Queen Elizabeth in Garden with Dog

Queen of Corgis

Looking back at Elizabeth II's top dogs.

Queen Elizabeth II's longest love affair is not — as one might guess — with husband Prince Philip, to whom she's been married for 70 years. No, that honor goes to her loyal companion, the corgi. Not a single corgi, mind you, but a pack of pups who have been by her side since childhood. Here, a look back at the furry consorts of the princess and eventual queen.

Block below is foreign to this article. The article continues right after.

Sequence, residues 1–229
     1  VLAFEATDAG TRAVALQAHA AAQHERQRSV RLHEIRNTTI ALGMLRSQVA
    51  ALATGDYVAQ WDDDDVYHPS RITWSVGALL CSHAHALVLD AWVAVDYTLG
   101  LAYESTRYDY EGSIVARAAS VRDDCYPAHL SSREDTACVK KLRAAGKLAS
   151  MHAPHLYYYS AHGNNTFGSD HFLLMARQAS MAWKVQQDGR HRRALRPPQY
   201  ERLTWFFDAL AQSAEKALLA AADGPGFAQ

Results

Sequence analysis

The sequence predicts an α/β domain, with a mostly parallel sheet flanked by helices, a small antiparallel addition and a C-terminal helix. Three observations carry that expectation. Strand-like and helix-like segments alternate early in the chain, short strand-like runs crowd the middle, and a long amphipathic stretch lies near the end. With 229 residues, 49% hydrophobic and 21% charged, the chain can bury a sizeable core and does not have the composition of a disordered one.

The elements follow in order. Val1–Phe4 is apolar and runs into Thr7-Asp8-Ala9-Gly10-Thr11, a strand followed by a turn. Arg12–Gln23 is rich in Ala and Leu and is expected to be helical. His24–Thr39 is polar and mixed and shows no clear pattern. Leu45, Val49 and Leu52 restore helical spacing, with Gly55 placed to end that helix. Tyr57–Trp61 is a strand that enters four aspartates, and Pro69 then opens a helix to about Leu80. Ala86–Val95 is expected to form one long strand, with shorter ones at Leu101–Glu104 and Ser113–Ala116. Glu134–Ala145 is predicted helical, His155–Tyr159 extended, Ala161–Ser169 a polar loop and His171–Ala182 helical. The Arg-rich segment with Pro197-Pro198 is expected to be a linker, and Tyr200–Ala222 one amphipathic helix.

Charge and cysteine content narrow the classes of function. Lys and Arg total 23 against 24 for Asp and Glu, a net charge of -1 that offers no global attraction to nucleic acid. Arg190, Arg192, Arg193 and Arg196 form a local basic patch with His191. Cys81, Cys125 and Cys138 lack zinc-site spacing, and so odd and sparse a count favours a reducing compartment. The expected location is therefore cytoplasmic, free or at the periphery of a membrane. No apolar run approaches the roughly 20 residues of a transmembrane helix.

Young Pups Lisa Sheridan/Getty Images Young Pups Seen here in 1936 at the age of 10, Princess Elizabeth hugs the royal family's first two corgis: Jane and Dookie. Elizabeth and sister Margaret first fell in love with the breed while visiting the children of the Marquess of Bath, who owned several corgis. A children's book, "Our Princesses and Their Dogs," was published later that year. Suddenly Susan Lisa Sheridan/Getty Images Suddenly Susan For her 18th birthday, the princess was gifted her very own corgi. Registered under the name "Hickathrift Pippa," Elizabeth eventually gave the puppy the much shorter sobriquet Susan. The rest of Elizabeth's corgis would descend from that original dog. Watch Dog Monty Fresco/Getty Images Watch Dog The royal corgis have earned plenty of stamps in their respective passports, as they're frequent travel companions for the queen. In fact, Susan accompanied Elizabeth and Philip on their honeymoon in 1947. One of the queen's corgis is seen here riding with the monarch to Buckingham Palace for Prince Charles' 7th birthday in 1955. A Long Line Anwar Hussein/WireImage A Long Line Susan was first bred in the late 1940s, giving birth to two pups, Honey and Sugar. And with that, a corgi-breeding dynasty was born. (It should be noted that the queen also dabbles in dorgis — a dachshund/corgi cross.) It is believed that the last of the queen's corgis were the 14th generation of Susan's descendants. Picky Prince Hulton Archive/Getty Images Picky Prince Prince Charles (seen here with younger brother Prince Edward) was gifted a pup from Susan's first litter, but he later said as a teen he didn't care much for corgis. Picture Perfect Bettmann/Bettmann Archive Picture Perfect Many of the queen's official portraits (including this one from 1970) have featured one or a number of her prized pets. Most recently, Annie Leibovitz captured the queen among four of her corgis and dorgis in a 2016 photo session for the monarch's 90th birthday. Pet Peeve Anwar Hussein/Getty Images Pet Peeve Though impeccably bred, the queen's corgis haven't been without their issues — apparently Susan had something of a reputation around Buckingham Palace. During her tenure, she variously bit a royal clock winder, a sentry, a detective, and a policeman. Even the queen once found herself on the wrong side of a pair of corgi canines, bit trying to break up a fight among several dogs. She had to get three stitches in her hand. The End of the Line Pool/Tim Graham Picture Library/Tim Graham/Getty Images The End of the Line Seventy years on, corgis have become so synonymous with the queen that as part of an opening ceremony skit for the 2012 London Olympics, Daniel Craig's James Bond was ushered into Buckingham Palace by a pair of the tail-wagging pooches. Yet, the queen has apparently halted her breeding efforts. The palace has never confirmed the rumors, but in 2015 an associate of the queen's was quoted as saying, "She didn't want to leave any young dog behind." On April 18, 2018, news broke that the queen's last remaining Corgi, Willow, had been put to sleep following a cancer-related illness. She still has two dorgis, Vulcan and Candy.